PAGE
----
Physical Therapy vs. Podiatry for Foot Injuries and Problems

“Dr. Hoy helped me with my foot issue. He was even able to diagnosis and give me advice on an ankle problem that no physical therapist had been able to crack. Highly recommend.” -Patricia M.

Physical therapists and podiatrists are two groups of providers that render treatment to patients with foot and ankle injuries or problems.  What can each group offer for foot and ankle injuries and problems?

Physical therapists evaluate quality of function and movement and utilize methods of strengthening and balance to restore function.  Podiatrists are physicians and surgeons of the foot and ankle.

Whereas a physical therapist concentrates on rehabilitation, a podiatrist will concentrate on assessment and treatment.  A podiatric physician evaluates the structure and function of all systems of the foot and ankle and may perform or order imaging studies such as x-rays and MRIs if needed to diagnose the problem, and utilize various treatments to address the problem, including physical therapy, other non-surgical modalities, or surgery.

If there are fractures, dislocations or tendon tears, for example, initial immobilization for a certain period of time is needed to help the weight bearing structures to heal.  Podiatrists will prescribe the proper immobilization if resting the injured part is needed, or strengthening and activity if that is needed.  It is advisable to seek the opinion of a podiatrist to see if other treatment is required, or just rehabilitation.

Besides injuries, patients may have structural problems that lead to painful conditions.  For example, a patient may have a flat, pronated or collapsed arch which may lead to overuse of certain tendons, pain on the bottom of the foot, or deformities such as bunions.  Podiatrists may correct for these structural problems with biomechanical devices such as custom molded functional orthotics.  Like eyeglasses or contact lenses which modify the angles of light coming into the eye, orthotics modify the angles of gait to lessen the load on certain structures so that pathologic conditions do not progress.

Physical therapists rely on training the foot to move a certain way.  It may take years of physical therapy to come close to the correction a custom orthotic can give.   It is very difficult to replicate and sustain correct neutral joint angles, and it may be too much to expect of the structures, which carry the whole body weight.  One may learn to squint to see, but it is much better to have a pair of glasses or contact lenses to see 20/20.  It is advisable to seek the opinion of a podiatrist to determine if biomechanical correction is indicated.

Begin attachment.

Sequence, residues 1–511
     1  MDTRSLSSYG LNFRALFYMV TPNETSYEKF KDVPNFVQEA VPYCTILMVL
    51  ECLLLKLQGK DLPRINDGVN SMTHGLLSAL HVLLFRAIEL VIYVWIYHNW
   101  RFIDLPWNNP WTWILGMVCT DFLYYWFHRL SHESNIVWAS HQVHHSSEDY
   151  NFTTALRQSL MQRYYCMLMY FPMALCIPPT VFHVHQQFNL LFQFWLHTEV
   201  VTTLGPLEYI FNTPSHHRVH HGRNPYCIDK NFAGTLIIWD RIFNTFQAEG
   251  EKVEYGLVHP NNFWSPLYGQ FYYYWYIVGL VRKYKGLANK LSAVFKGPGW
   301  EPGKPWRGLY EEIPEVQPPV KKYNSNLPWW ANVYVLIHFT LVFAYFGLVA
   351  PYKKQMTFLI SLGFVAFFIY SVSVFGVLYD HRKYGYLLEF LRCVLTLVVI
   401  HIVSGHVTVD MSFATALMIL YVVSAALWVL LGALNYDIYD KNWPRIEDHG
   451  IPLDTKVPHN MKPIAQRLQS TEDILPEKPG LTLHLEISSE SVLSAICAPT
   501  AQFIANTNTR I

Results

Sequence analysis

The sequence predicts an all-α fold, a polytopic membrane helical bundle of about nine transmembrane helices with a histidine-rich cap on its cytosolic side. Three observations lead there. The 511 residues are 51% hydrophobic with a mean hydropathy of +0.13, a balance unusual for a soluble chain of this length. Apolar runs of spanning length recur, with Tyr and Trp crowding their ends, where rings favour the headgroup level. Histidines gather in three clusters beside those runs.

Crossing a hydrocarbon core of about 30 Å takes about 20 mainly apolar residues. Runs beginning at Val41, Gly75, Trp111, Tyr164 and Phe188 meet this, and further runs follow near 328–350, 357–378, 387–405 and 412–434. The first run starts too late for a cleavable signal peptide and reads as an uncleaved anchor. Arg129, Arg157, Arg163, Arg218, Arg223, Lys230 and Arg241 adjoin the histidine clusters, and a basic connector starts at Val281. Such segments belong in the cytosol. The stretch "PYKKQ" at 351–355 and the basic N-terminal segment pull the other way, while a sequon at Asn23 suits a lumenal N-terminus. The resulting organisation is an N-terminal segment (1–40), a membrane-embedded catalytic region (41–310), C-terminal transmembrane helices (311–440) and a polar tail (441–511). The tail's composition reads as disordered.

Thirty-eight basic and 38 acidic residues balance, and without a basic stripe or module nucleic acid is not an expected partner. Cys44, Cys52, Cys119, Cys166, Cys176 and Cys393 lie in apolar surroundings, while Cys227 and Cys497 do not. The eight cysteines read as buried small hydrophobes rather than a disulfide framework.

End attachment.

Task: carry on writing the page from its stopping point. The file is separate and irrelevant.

One of the most effective modalities that sports medicine podiatrists employ is extracorporeal shockwave therapy, which works to debride and repair damaged tendons and ligaments naturally whether they are acutely injured, or if there is a chronic injury with pain present for a long time.

Further, podiatrists may prescribe medication and perform surgical correction if necessary to address severe conditions such as fractures, tendon ruptures or deformities.  It is advisable to seek the opinion of a podiatrist to determine if these treatments can be helpful.

Physical therapy is important for strengthening after a period of needed immobilization to get back to sports or activities, or if there are weak muscles that need to be strengthened for balance or proper gait. However, physicians and surgeons such as podiatrists should be consulted to treat injuries and foot conditions, as they can assess and treat them, using radiography, immobilization, custom orthotics, medication, extracorporeal shockwave therapy, refer to physical therapy and perform surgery if necessary.

Dr. J. John Hoy is a double board certified podiatrist and foot surgeon who has been in practice since 2000.  He is an Associate of the American Academy of Podiatric Sports Medicine.

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